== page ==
How to Play Charades

Charades is a classic party game that’s all about non-verbal communication and guessing. It’s suitable for players of all ages and can be played with any number of people, though it’s typically more fun with larger groups. Here’s a simple guide on how to play:


  1. Teams: Divide the players into two or more teams. Each team should have at least two players.
  2. Charade Cards/Topics: Prepare slips of paper with words or phrases written on them. These can be anything from movie titles, book titles, actions, famous people, objects, etc. Place these slips into a bowl or hat.
A group playing charades

Game Play

  1. Taking Turns: Teams take turns having one of their members act out a charade. The actor randomly selects a slip of paper and reads it silently.
  2. Timer: Set a time limit for each turn (usually 1-2 minutes).
  3. Acting Out: The actor must then convey the word or phrase to their teammates without speaking, singing, or mouthing the words. They can use gestures, miming, and facial expressions.
  4. Guessing: The actor’s teammates try to guess the word or phrase before the time runs out.
  5. Scoring: If the team guesses correctly within the time limit, they earn a point. If not, no points are awarded for that round.

Rules and Tips

  • No Talking: The actor cannot use any words or sounds.
  • No Props: The actor cannot use objects in the room as props.
  • Standard Gestures: There are some common gestures in charades, like pretending to crank a movie camera for a movie title, or miming opening a book for a book title.
  • Passing: Depending on your rules, you may allow a pass where the actor can skip a difficult word, but this usually comes with a penalty, like the loss of a point.

Ending the Game

  • The game typically ends after a set number of rounds or once every player has had a turn to act. The team with the most points at the end of the game wins.

Charades is flexible and can be adapted to fit the age and preferences of the players. For younger children, use simpler words or concepts, and for a more challenging game with adults, use abstract phrases or idioms. It’s a great game for encouraging creativity and teamwork!

Mimicking gestures for Charades

Common Charades Gestures:

We have compiled a list of common Charades gestures that can help you play the game at a more advanced level and serve as a base for understanding and demonstrating actions in the game:

  1. Number of Words: Holding up fingers to indicate the number of words in the phrase or title, where one finger represents one word, two fingers for two words, and so on πŸ‘†.
  2. Number of Syllables: Tapping on the forearm or near the elbow with one finger for each syllable in a word πŸ‘†βž‘οΈπŸ‘‚.
  3. Sounds Like: Tugging or cupping one ear, indicating that a word sounds like the one being mimed πŸ‘‚.
  4. Whole Thing: Circling hands together, often used to indicate that someone should guess the entire phrase or title πŸ”„.
  5. Thumbs Up (Guessing Right): Giving a thumbs up to indicate that a guess is correct or to show approval of a correct answer πŸ‘.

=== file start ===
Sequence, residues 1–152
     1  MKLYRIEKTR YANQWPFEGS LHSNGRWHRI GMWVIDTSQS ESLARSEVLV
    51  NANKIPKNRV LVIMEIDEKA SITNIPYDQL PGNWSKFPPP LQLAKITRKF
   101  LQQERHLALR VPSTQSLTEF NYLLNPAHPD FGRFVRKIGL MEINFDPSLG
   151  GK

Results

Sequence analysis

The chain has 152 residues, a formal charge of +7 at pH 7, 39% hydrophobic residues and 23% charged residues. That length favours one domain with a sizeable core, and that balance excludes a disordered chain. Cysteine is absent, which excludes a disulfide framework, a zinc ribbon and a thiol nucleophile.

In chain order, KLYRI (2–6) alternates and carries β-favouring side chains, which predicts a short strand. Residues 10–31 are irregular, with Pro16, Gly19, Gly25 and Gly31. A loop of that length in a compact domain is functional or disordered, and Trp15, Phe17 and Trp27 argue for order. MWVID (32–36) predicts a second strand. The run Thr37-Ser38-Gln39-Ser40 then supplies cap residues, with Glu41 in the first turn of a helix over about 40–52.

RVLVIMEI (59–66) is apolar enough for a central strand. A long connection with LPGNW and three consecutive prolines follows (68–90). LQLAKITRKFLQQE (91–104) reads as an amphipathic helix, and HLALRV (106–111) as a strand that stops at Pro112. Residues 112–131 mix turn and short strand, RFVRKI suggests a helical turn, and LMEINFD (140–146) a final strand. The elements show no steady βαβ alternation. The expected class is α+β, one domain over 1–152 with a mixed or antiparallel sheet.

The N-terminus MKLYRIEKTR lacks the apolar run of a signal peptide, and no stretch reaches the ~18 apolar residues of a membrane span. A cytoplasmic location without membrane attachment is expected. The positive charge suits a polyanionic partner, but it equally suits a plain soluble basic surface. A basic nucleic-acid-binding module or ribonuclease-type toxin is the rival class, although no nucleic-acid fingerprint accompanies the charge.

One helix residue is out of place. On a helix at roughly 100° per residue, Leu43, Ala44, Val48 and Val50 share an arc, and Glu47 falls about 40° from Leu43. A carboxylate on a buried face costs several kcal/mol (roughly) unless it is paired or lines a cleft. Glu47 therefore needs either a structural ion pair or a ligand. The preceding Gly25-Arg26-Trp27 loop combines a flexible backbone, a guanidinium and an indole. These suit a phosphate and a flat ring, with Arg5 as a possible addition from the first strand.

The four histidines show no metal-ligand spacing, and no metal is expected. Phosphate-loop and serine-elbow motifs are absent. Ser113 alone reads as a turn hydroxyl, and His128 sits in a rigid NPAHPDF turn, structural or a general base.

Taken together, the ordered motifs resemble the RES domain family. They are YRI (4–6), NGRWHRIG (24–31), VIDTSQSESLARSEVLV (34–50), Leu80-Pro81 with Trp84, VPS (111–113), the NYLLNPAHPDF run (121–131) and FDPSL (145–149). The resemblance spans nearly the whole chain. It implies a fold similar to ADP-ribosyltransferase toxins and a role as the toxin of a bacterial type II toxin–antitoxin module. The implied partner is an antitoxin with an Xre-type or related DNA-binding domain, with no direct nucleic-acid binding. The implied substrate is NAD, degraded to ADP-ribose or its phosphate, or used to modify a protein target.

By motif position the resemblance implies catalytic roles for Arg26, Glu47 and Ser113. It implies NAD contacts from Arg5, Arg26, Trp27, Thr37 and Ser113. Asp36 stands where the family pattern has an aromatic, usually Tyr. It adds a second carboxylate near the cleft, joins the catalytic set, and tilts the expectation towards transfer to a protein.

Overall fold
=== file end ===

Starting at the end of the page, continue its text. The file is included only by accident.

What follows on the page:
6. Old: A mimed action of using a walking cane or hunching over, suggesting old age πŸ‘΄ or πŸ‘΅.
  7. New: Brushing the hands together as if unveiling or presenting something new πŸ†•.
  8. Rhyming Words: A motion similar to singing or rhyming, possibly miming holding a microphone 🎀.
  9. Correct Guess (Another Option for Thumbs Up): Nodding the head vigorously or clapping hands to indicate a correct guess or agreement βœ….
Common charades gestures

Here are some additional gestures often used in charades to convey different common ideas or actions:

  1. Book Title πŸ“–: Mimicking opening a book with both hands.
  2. Movie Title πŸŽ₯: Cranking an old-fashioned movie camera with one hand, while the other hand acts as the camera.
  3. TV Show πŸ“Ί: Drawing a rectangle in the air to represent a TV screen.
  4. Song Title 🎀: Pretending to sing into a microphone.
  5. Play Title 🎭: Mimicking the action of pulling back a large curtain.
  6. Quote or Phrase πŸ’¬: Making quotation marks in the air with both hands.
  7. Bigger/Longer Word πŸ‘: Stretching both hands apart to indicate a long or big word.
  8. Smaller/Shorter Word πŸ‘Œ: Pinching fingers close together to indicate a small or short word.
  9. Skip or Pass 🀚➑️🀚: Swiping hands across each other or making a forward pushing motion to indicate passing on a word or phrase.
  10. Letter or Initial ✍️: Tracing a letter in the air, usually the first letter of the word.
  11. Number or Counting ⌚: Tapping the wrist where a watch would be, to ask for a number or to indicate counting.
  12. Repeat πŸ”: Circling a finger in the air to indicate repeating an action or a guess.
  13. Opposite/Negative πŸ‘Ž: Crossing arms into an ‘X’ or giving a thumbs down to indicate the opposite of what was guessed or something negative.
  14. Location or Place πŸ“: Making a horizontal ‘L’ shape with both arms to represent a landmark or location.
  15. Animal 🐾 : Mimicking animal actions, like flapping arms for a bird or scratching an ear like a dog.

These gestures can be pretty helpful in helping players guess the category or specific words during a game of charades.

a group playing charades

Charades is a fun and engaging party game that encourages creativity and teamwork. Players take turns acting out words or phrases without speaking while their teammates try to guess the answer within a set time limit. The game is highly adaptable, suitable for all ages, and does not require special equipment. Remembering the basic rules – no talking, no props, and using standard gestures – will ensure everyone has a great time. Whether it’s at a family gathering, a party with friends, or a team-building event, Charades is a timeless game that’s sure to bring laughter and enjoyment.